Those who can't do, teach. Second Life, the most overhyped virtual world, has been abandoned even by its most fervent journalistic promoters, like Reuters and Wired. It's now pitching itself as an online schoolhouse.

How fitting, since Second Life, a piece of software which allows users to move "avatars" representing themselves around in a three-dimensional space and decorate themselves and their virtual land, resembles nothing so much as a failed academic experiment.

Linden Lab, the maker of Second Life, has raised $19 million in venture capital from a star-studded list of backers, including Benchmark Capital, the backers of eBay; eBay founder Pierre Omidyar; Mitch Kapor, the founder of Lotus; and CEO Jeff Bezos. But the last infusion came nearly three years ago. The company charges fees on people and companies who own virtual land in Second Life, and also issues a currency, Linden dollars, used to trade goods in-world. Kapor, the company's chairman, told the Financial Times last year that it was "absolutely in the ballpark of profitability."

Second Life may well be on the verge of profitability. But it is firmly headed into irrelevance. It is impossible to imagine another BusinessWeek cover story like the one it garnered in 2006. Reuters closed its Second Life bureau last year. The former bureau chief, Adam Pasick, told PBS's Mark Glaser that there was no longer a there there:

We were primarily interested in Second Life as a business/commerce/finance phenomenon, covering it like we would any small but fast-growing economy in the real world. The bureau is now closed. Essentially the story we were there to cover has moved on.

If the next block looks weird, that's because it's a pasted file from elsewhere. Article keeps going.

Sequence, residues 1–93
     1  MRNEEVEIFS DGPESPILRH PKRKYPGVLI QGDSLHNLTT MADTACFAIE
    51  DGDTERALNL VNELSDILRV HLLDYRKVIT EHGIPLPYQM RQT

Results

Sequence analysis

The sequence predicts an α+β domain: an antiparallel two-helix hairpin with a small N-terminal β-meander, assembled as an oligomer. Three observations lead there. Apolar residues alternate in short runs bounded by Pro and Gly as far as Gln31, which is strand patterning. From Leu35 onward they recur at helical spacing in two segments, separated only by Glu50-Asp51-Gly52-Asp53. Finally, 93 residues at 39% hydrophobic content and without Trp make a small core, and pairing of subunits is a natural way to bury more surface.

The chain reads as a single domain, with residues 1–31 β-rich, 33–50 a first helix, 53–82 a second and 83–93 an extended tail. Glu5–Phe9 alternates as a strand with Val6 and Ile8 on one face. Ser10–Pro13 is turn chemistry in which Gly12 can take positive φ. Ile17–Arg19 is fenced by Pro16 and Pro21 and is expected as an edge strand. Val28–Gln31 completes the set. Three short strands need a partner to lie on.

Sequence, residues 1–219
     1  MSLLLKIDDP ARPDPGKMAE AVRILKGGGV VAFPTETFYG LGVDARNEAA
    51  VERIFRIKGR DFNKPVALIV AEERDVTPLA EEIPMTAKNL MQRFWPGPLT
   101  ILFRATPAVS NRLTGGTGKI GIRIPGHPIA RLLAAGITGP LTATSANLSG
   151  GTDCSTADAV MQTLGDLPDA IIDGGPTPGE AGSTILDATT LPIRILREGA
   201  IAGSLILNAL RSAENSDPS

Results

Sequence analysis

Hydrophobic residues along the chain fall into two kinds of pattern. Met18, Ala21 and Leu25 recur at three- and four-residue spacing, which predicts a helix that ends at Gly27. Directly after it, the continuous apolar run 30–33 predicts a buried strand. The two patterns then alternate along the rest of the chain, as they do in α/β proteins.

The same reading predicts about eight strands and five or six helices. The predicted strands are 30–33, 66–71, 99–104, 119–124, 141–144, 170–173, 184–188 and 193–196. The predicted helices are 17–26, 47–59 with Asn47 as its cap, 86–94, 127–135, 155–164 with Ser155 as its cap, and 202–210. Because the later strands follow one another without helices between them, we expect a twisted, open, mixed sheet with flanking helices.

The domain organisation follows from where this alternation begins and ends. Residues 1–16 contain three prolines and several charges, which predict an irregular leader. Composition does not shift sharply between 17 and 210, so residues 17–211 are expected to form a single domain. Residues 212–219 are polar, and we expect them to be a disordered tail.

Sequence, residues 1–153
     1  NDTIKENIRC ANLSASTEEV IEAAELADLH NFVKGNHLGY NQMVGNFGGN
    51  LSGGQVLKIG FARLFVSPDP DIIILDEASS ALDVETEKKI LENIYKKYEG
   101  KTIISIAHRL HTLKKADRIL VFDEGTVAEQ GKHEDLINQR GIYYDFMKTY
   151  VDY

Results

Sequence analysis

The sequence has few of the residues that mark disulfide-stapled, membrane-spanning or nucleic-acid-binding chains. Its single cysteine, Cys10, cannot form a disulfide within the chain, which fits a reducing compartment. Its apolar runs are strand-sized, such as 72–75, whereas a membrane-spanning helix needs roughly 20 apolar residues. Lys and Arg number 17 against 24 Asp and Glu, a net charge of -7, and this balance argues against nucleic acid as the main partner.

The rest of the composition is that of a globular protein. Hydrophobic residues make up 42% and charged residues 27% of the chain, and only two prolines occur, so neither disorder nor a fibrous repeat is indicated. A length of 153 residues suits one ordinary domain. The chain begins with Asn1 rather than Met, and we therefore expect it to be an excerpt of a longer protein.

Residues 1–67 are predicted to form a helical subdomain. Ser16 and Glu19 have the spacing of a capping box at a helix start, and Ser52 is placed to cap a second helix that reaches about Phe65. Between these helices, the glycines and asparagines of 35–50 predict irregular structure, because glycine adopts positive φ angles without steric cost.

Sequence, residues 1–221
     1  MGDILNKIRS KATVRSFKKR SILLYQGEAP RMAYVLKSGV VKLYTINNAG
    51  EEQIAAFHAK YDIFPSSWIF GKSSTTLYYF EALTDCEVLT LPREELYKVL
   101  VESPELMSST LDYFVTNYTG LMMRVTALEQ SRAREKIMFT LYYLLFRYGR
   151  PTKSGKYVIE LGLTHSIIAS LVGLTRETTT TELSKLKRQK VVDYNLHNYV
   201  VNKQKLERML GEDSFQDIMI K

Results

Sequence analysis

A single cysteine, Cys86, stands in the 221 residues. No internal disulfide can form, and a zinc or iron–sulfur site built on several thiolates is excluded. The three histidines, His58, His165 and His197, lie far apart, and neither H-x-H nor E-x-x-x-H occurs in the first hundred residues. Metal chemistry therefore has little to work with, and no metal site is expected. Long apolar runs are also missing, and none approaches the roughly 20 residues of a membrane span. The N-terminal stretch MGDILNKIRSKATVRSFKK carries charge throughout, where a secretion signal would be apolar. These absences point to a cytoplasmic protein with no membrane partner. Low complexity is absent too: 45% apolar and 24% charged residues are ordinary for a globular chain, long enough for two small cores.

His reporter, Eric Krangel, who now writes for Silicon Alley Insider, was more trenchant:

The very things that most appeal to Second Life's hardcore enthusiasts are either boring or creepy for most people: Spending hundreds of hours of effort to make insignificant amounts of money selling virtual clothes, experimenting with changing your gender or species, getting into random conversations with strangers from around the world, or having pseudo-nonymous sex (and let's not kid ourselves, sex is a huge draw into Second Life). As part of walking my 'beat,' I'd get invited by sources to virtual nightclubs, where I'd right-click the dancefloor to send my avatar gyrating as I sat at home at my computer. It was about as fun as watching paint dry.

What's left for Second Life? Community meetings, underattended cultural events, and education. CNN uses its Second Life "island" to hold meetings with volunteer reporters. WGBH threw a virtual concert with a grand total of 70 attendees. And the Modern Language Association, that bastion of English-department wonkery, is pursuing the idea of using it to hold meetings.

Imagine a dry academic conference enlivened with a few space-alien avatars. Deans with mohawks and tight leather pants! Only compared to the life of a university professor might Second Life actually seem exciting. We look forward to the news that Linden Lab has sold itself to an academic consortium. It's where the virtual world belongs.